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The Aftermath

  • 9 min to read
The Aftermath

Illustration by Garrett Dare

Written by Molly Schwartz

(Editor's Note: This story has been updated to reflect most recent data on exonerations).

At 40 years old, Ruben Pinuelas is having the best five years of his life. He graduated from high school and his community college within 6 days of each other. Since beginning college in 2016, he was a 4.0 psychology student at Pierce Community College in Los Angeles, California, where he won almost every academic award possible. He was a legal intern at the Loyola Project for the Innocent and a judicial intern at the Van Nuys Superior Court. In the fall, Pinuelas is transferring with a full-ride scholarship to Pomona College where his ultimate goal is to become a criminal defense lawyer. 

He has accomplished all of this after spending almost 12 years in solitary confinement while in prison for a crime he did not commit. 

I met Pinuelas at Pierce Community College. He greeted me with a smile. He was wearing a blue buttoned up shirt; his hair was dark and he was well groomed. 

We made our way to the college library, where he said he spends hours studying. He greeted all the faculty with a handshake, and all the staff members knew him. We entered a small sterile room with a big window overlooking the campus.

We sat down. Pinuelas took a deep breath.

“I've always been known as just this story. The wrongful conviction took a chapter of my life, but it does not define me," he said. "That's just part of my story. But I've been in such a whirlwind and doing so much since I got out that I really haven't taken the time to appreciate who I am now, because I'm not the same person.” 

Pinuelas is one of many exonerees of our criminal justice system. According to the National Registry of Exonerations, from 1989 to 2018 there have been 2,372 exonerations in the United States. In total, innocent people have spent 20,000 years in prison for crimes they did not commit. In 2018 alone, there were 151 exonerations, 45% being wrongful convictions for homicides.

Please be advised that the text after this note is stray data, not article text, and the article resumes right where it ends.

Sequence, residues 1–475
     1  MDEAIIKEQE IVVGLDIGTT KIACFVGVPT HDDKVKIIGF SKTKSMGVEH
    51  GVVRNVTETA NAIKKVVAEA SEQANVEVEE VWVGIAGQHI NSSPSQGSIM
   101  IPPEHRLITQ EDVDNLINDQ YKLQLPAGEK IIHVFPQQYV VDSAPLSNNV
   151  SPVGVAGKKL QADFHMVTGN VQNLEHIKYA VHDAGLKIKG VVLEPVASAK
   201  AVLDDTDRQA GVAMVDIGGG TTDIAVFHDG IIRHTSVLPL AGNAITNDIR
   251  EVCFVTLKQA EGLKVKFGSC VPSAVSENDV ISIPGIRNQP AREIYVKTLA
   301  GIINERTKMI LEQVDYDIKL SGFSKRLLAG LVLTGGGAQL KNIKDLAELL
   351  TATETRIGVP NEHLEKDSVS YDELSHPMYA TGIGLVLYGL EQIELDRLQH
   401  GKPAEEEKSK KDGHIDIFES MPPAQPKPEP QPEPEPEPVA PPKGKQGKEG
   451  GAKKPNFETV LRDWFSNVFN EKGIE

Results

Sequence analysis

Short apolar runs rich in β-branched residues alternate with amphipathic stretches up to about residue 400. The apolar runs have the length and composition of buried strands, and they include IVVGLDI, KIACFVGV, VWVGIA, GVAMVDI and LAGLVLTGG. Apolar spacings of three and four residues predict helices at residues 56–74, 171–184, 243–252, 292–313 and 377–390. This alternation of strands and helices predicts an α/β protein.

According to the most recent data recorded in he National Registry of Exonerations from April to October of 2019, there have been more than 2,500 exonerations. The current total of lost years due to wrongful convictions is more than 22,000, according to the Registry.



Pinuelas was two years old when his parents divorced. He spent time between two different cities, his mother living in Los Angeles and his father living in El Centro. When he was in fourth grade, Pinuelas’s parents decided he needed more stability, so he moved in with his grandparents in El Centro, at the border of California and Mexico.

When he was still young, he was in magnet programs such as Upward Bound, a federal program that helps students from low-income families prepare for pre-college education. But despite his academic success, Pinuelas ran away from home when he was 13 and started getting involved with drugs and gangs. 

“I don't know what I was looking for. It was a like a need to belong. I don't know what it was,” he said. 

Years passed by, and at 18, he said he was done with being a gang member and ready to leave his criminal lifestyle behind him. But in a border-town environment of Imperial Valley surrounded by drugs and gangs in El Centro, he felt the only way he could escape that lifestyle was by leaving town. 

He decided to move back to Los Angeles to be with his mother, but she told him that if he wanted to live with her, he had to first turn himself in to the police. He spent a year in county jail in El Centro for his runaway warrant.